Elections inspire economic promises. Whether those promises are realistic or not usually doesn’t matter. It is the economic narrative that matters, and if you hit the right chord, as the Bill Clinton campaign found with “it’s the economy, stupid,” you can milk that for all it is worth to swing an election in your favor.
The GOP retook the Iowa governorship in 2011, and there was a range of economic promises and expectations. Chief among them was the time-worn assumption that Republicans knew how to generate economic prosperity. Jobs were going to be created, household incomes were going to rise, and the state’s economic prospects were going to be righted after four years of mismanagement.
For a time things looked promising. Robust farm profits were driving strong demand for machinery and other capital investments on the farm, which supported both Main Street and manufacturing recovery. Iowa’s already strong wind energy industry continued to expand. There were huge fertilizer plants under construction on both sides of the state. Iowa had become a popular place to site data centers. A dime was added to the gas tax to boost road construction. And a controversial pipeline bisecting the state diagonally requiring hundreds of workers was laid in the ground.
So Iowa’s economy is doing great, right? Wrong. Here are just a few key indicators:
First, Iowa lags its neighbors.
Since 2011, Iowa has grown slower than all neighboring states, even perpetually beleaguered Illinois. Minnesota leads by a large margin. Iowa started out strong, but by 2015 growth had flattened out. It has much catching up to do. [Source: BLS. Quarterly Census of Employment and Wages]
Second, tight labor supplies are leading to inflation-adjusted pay gains.
Real wages have been rising in the U.S., in the Plains states, and in Iowa. The real gain for the average Iowa wage earner comparing 2017 with 2011 was 9.2 percent. This rate of increase led the national and the Plains states rates of gain, so we can chalk that up as a good outcome.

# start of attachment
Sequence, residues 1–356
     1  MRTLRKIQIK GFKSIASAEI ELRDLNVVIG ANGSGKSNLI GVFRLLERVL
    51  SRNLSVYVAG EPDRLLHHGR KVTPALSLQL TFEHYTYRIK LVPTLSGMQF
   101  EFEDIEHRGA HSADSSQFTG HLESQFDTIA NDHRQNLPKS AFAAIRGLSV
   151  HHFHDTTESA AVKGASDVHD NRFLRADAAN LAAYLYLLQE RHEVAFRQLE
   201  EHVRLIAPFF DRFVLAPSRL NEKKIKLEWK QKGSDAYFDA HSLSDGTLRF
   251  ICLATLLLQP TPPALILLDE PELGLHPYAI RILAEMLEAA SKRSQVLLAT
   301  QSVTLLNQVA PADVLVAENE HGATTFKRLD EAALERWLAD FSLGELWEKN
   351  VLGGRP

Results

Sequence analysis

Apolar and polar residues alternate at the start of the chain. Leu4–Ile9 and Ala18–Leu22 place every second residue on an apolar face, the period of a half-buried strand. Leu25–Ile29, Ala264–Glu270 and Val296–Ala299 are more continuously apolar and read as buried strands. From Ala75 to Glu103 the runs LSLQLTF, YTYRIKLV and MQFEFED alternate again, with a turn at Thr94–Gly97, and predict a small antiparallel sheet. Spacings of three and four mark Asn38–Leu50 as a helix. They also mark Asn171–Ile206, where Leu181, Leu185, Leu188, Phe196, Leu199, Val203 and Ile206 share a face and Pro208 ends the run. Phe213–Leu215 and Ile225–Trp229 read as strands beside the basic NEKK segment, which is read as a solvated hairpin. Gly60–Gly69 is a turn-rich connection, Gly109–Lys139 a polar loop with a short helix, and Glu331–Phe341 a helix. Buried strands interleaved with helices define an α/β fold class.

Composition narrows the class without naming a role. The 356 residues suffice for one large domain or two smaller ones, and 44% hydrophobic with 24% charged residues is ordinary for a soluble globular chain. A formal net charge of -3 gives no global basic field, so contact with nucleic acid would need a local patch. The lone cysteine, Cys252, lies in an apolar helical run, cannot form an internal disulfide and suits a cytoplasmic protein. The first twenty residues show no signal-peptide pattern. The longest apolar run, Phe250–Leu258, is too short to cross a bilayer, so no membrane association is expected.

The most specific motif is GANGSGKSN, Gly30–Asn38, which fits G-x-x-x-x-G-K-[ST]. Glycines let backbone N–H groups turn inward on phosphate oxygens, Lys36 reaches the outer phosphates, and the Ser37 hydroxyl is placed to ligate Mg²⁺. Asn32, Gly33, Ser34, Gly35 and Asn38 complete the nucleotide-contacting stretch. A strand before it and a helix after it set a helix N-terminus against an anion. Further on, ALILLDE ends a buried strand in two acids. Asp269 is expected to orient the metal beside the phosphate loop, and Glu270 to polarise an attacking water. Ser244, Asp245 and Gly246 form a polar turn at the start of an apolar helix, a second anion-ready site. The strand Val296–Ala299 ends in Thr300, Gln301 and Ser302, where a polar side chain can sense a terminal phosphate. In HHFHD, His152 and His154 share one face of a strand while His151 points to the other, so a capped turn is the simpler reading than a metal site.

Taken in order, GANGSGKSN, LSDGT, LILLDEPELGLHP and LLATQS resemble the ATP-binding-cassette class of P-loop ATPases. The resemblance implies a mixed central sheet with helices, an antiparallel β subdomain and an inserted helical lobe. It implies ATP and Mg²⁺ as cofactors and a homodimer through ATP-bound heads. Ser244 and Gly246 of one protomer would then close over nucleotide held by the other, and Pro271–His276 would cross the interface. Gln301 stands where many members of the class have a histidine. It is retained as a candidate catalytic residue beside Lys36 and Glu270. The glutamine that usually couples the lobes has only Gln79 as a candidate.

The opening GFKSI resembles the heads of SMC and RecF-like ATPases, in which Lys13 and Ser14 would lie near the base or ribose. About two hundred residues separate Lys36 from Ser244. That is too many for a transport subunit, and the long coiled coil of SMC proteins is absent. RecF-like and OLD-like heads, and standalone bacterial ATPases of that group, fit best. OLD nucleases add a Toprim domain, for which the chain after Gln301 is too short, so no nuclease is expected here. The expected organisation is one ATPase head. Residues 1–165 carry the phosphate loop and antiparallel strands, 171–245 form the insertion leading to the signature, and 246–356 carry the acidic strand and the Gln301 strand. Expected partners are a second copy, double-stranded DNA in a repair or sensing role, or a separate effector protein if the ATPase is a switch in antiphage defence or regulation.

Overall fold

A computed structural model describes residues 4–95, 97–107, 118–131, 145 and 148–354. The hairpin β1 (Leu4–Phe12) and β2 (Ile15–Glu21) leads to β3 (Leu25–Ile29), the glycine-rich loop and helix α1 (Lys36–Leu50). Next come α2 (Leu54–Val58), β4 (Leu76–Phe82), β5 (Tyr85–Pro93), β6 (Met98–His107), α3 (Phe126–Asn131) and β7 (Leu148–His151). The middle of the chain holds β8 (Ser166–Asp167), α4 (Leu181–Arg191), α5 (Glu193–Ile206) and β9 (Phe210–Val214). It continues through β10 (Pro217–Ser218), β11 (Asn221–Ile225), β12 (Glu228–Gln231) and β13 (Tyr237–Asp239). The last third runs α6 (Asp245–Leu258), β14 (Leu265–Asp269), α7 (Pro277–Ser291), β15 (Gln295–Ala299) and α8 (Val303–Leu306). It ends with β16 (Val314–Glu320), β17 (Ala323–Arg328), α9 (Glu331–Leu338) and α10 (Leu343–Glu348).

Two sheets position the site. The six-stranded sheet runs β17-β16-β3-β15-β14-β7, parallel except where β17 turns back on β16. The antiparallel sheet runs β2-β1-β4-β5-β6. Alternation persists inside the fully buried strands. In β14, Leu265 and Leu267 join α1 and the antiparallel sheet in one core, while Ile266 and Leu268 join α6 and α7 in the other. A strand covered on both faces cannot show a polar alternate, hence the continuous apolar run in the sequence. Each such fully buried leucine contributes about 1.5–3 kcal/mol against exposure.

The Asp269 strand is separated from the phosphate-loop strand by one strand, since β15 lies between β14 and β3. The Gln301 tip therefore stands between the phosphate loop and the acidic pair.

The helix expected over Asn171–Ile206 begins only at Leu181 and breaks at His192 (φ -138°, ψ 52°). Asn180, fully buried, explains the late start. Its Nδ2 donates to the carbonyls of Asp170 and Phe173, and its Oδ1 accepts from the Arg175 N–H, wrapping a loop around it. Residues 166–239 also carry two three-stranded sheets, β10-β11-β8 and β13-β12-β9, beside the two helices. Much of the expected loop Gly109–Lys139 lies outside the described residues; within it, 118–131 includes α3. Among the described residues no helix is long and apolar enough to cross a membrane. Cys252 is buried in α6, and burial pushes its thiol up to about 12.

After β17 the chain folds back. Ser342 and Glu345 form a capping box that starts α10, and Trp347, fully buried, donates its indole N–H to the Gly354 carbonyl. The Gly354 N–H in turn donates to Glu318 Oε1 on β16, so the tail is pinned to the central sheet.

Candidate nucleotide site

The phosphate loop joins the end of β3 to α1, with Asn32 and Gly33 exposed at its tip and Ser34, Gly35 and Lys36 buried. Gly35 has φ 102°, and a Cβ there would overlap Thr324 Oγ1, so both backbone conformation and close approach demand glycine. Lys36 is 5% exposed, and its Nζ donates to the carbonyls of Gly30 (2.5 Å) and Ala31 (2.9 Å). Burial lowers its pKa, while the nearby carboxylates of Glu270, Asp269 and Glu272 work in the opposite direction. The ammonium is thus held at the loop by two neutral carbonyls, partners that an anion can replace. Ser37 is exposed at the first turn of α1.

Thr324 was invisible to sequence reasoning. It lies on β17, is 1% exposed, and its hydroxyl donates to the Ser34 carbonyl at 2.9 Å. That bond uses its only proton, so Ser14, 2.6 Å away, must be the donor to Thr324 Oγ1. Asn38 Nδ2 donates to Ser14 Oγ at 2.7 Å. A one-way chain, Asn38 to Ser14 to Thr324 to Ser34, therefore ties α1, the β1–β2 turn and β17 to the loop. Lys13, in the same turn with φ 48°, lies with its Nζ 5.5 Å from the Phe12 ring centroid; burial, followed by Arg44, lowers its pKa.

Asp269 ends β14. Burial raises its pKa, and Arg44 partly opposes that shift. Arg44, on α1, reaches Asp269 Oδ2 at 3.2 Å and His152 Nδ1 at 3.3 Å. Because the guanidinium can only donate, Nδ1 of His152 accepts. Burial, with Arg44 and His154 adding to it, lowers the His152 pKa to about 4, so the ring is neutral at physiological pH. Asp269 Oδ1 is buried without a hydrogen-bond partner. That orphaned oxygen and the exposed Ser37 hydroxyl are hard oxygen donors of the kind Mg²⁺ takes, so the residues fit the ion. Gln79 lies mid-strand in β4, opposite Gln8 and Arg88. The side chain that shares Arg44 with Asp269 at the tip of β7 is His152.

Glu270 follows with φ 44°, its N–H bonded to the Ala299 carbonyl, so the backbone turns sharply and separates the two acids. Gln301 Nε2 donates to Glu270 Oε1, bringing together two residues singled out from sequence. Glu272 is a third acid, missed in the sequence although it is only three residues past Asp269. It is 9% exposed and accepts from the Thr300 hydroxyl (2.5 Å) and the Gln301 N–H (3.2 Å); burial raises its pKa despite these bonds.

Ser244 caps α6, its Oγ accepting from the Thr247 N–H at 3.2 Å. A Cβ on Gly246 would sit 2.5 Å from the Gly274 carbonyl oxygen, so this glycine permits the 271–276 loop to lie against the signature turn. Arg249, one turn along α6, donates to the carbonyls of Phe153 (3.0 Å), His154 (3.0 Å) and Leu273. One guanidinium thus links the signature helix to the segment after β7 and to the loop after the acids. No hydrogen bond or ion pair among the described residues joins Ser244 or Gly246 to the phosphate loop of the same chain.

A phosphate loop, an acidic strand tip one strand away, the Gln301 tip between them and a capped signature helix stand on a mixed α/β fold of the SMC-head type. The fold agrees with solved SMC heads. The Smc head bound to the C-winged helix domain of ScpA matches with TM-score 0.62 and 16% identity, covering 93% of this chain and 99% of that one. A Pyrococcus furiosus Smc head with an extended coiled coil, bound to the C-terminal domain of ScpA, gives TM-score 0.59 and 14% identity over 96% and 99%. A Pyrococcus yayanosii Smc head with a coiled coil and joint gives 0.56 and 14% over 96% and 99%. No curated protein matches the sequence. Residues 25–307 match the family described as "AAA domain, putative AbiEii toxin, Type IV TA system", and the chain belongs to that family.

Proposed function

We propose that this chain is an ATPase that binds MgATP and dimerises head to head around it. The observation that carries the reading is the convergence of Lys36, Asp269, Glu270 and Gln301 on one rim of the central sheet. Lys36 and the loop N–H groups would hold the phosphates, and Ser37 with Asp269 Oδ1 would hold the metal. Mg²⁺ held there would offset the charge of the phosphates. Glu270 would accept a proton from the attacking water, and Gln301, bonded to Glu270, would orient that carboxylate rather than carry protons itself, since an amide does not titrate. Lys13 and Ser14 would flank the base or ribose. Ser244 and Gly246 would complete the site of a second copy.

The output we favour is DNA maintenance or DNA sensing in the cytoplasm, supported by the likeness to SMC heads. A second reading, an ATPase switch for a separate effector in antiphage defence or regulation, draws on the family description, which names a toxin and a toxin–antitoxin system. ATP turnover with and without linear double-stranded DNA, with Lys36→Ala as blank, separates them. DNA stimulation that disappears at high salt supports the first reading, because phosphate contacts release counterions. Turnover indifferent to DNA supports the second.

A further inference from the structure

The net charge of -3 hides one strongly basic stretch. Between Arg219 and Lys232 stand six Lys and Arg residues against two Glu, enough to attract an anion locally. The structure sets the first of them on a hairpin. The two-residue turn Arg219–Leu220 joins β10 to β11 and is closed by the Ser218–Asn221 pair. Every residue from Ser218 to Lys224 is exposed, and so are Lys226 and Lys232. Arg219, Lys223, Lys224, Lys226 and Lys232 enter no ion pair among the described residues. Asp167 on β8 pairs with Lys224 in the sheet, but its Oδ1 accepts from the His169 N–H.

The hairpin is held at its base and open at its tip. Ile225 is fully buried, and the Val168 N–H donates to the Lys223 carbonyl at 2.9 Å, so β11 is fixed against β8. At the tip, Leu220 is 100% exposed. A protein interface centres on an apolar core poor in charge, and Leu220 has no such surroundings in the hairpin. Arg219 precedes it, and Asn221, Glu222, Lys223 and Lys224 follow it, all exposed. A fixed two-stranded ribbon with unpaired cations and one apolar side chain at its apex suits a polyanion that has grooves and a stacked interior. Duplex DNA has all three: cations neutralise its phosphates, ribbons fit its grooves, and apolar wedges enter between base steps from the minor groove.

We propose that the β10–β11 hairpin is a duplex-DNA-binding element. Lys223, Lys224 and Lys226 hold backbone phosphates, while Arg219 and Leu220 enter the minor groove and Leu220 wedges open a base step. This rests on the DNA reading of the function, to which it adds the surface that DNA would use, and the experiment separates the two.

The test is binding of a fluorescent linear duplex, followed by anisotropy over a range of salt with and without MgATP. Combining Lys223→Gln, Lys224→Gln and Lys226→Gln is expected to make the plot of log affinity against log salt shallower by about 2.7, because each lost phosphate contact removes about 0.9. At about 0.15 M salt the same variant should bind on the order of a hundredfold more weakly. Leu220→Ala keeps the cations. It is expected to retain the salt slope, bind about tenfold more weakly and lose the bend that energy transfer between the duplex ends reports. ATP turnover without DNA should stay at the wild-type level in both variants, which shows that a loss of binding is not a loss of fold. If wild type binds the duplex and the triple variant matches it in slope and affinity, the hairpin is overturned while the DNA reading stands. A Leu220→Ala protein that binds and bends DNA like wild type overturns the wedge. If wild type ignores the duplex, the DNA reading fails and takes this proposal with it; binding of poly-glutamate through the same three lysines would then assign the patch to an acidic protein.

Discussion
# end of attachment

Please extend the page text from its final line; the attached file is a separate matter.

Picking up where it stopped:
Nonetheless, in 2017 the average Iowa worker made just 92 percent of the Plains states average and 81 percent of the national average. [Source: BEA Annual State Personal Income and Employment]
Finally, compared to all states, Iowa’s overall job growth has been disappointing.
We know that Iowa lagged all of its neighbors, but how did it do compared to all of the states? The percentage gain comparing 2011 with 2017 found that Iowa ranked 46th in the nation. The nation grew by 11.4 percent, but Iowa posted a 4.8 percent growth. Surprisingly, even Kansas, the nation’s supply side experiment disaster, outgrew Iowa. [Source: BEA Annual State Personal Income and Employment; Implicit Price Deflators for Gross Domestic Product — Personal Consumption Expenditures]
Iowa has a range of economic issues that it must confront. It has granted massive amounts of tax subsidy to new and existing businesses over the decade, but the payoff has been underwhelming, and those subsidies are undermining state-supplied public goods. Regionally, most of its nonmetropolitan areas, especially its mid-sized cities, have posted disappointing recoveries, and rural depopulation continues unabated.
Iowa is doing many things in the name of economic development, but the one thing that it is not doing is succeeding.